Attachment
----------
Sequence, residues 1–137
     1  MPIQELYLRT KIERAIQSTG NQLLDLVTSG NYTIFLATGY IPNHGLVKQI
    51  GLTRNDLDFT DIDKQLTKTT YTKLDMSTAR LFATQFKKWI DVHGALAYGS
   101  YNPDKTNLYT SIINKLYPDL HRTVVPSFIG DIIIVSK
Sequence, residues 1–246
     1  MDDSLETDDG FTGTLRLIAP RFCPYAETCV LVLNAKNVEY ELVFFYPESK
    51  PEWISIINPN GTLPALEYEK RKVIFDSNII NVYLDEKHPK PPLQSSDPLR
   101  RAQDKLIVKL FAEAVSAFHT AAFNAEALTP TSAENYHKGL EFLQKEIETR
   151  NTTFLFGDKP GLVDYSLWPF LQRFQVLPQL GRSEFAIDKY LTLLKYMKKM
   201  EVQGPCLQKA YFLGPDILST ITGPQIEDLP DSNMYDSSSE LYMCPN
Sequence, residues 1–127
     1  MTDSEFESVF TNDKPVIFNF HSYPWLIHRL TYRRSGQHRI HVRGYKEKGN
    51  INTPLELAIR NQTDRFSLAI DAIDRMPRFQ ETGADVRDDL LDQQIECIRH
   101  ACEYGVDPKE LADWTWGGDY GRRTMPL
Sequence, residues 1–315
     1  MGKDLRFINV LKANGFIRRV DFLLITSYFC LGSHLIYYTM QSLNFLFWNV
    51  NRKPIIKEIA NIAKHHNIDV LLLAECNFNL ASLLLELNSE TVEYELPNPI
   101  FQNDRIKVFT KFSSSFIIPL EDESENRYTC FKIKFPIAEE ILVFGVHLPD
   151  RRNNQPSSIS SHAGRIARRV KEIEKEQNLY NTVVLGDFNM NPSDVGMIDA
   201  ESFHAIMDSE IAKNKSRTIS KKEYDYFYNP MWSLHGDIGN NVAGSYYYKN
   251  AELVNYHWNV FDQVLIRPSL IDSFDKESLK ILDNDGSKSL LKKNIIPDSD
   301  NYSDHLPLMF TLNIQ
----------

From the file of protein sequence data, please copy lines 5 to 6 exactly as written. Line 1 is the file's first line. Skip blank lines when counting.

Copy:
Sequence, residues 1–246
     1  MDDSLETDDG FTGTLRLIAP RFCPYAETCV LVLNAKNVEY ELVFFYPESK